How Should We Talk to Our Kids About Quarantine (Without Freaking Them Out)?


It’s no secret, even to the littlest of kiddos. Something is going on.

You and I might be able to chat about the endless barrage of information coming at us from all directions that elicit a sense of impending doom (or maybe that’s just me), but how in the world are we supposed to talk to our kids in a way that’s both honest AND healthy?

To answer that question, I did what I always do when I need evidence-based answers: I spoke to a professional.

Father sitting at the table with his young child to color and talkHere are some of the helpful insights I received by talking with local psychotherapist Harini Sukumaran, whose specialties include children and women with anxiety. She is the Clinical Director and Founder of MindTree Holistic Counseling and Wellness Center.

What’s the best way to talk to our kids about both the virus and the corresponding pandemic?

There’s a lot of fear and anxiety going around right now, both for kids AND their parents. Kids can pick up on these changes and their brains may perceive them as a threat. As parents, the last thing we want for our kids is for them to feel unsafe.

Therefore, the best approach to having these conversations is to mindfully respond as opposed to reacting. Since kids are still developing their emotional regulation skills, if you start to panic, they are likely to start to panic, too. You want to come to these conversations around the pandemic with as level a head as possible. Not only so you do freak out your kid, but so you don’t confuse them either.

Meet your child where they are at. Take their feelings about the situation and name them, validate them, and normalize them. The idea is to emotionally connect with them on their level. Doing this will help them understand what exactly they are feeling and how to communicate these feelings in the future. Additionally, having a better understanding of their emotions can help your child feel calmer and more in control of the present situation.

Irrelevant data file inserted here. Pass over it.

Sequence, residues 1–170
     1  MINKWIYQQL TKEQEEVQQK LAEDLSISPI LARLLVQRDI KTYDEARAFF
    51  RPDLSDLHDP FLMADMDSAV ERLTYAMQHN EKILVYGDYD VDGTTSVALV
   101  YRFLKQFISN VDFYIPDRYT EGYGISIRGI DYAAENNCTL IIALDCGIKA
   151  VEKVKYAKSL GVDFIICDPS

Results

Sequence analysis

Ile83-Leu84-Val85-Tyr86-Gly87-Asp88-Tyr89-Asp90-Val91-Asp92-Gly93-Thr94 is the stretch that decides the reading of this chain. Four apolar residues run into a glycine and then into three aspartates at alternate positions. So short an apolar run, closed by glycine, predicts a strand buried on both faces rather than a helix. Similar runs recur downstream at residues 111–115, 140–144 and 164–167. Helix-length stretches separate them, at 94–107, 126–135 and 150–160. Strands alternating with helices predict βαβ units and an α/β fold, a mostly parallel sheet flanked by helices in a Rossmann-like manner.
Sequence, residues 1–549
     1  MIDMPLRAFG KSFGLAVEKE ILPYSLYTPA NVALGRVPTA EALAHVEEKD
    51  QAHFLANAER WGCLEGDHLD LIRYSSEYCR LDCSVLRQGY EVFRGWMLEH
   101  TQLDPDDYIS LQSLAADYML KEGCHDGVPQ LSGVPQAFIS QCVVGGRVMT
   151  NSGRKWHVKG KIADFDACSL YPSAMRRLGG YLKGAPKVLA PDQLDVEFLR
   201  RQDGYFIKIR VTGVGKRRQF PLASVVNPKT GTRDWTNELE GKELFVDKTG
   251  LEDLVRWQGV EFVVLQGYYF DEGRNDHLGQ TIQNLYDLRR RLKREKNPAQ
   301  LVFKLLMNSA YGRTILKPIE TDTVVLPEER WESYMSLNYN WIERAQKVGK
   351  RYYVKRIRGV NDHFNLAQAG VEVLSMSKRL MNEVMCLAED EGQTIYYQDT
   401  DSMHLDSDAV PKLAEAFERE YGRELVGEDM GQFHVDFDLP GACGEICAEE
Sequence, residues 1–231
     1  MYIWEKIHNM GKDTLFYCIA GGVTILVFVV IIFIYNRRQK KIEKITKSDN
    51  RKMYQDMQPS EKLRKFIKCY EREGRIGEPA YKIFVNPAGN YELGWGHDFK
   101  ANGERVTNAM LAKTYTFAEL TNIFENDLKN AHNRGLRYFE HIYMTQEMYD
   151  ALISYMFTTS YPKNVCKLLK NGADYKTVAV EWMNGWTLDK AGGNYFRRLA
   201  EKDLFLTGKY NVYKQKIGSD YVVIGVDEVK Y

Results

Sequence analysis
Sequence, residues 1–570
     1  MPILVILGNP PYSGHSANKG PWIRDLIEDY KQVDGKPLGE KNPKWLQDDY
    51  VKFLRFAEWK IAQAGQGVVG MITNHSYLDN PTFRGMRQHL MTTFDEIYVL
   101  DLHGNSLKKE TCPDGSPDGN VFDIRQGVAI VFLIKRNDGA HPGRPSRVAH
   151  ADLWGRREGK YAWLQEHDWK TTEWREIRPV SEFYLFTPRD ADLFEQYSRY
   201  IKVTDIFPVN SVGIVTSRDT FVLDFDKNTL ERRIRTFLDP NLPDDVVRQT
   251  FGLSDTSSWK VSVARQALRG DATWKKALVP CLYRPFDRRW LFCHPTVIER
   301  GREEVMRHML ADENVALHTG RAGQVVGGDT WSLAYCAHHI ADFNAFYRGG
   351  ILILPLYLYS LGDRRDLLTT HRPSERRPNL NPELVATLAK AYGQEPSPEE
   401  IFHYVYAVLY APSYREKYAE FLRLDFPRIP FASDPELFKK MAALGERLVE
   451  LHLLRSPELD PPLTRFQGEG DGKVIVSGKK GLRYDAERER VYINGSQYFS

If your child is old enough to understand certain emotions, make a physical list, and write down all of the worries they are experiencing. Once some of these internal worries are externalized, it’s easier to gain an outside perspective. From there, it’s easier to approach each issue one by one, working through them in an honest and thoughtful manner. It works like a kind of roadmap and gives your child a better sense of control.

How should we amend our approach based on our child’s age?

While there are some difficult concepts for younger kids to grasp, the best way to find out where you’re child is at emotionally, is by asking them. Keep the question open-ended and collaborate with them so that you find the answers “together”. You don’t want to end up projecting your worries or concerns onto the conversation. Validate and connect with your kids, and remind them that these feelings are not permanent.

A good introduction to the conversation can be as simple as:

There’s a lot going on right now. How are you feeling? Do you have any questions?

For older kids, it’s highly likely that they are hearing a lot of the tidal wave of information that you hear. Unfortunately, they may be hearing some misinformation as well. For these kinds of things, you can always ask them what they think something like “pandemic” or “social distancing” means and go from there with correct information.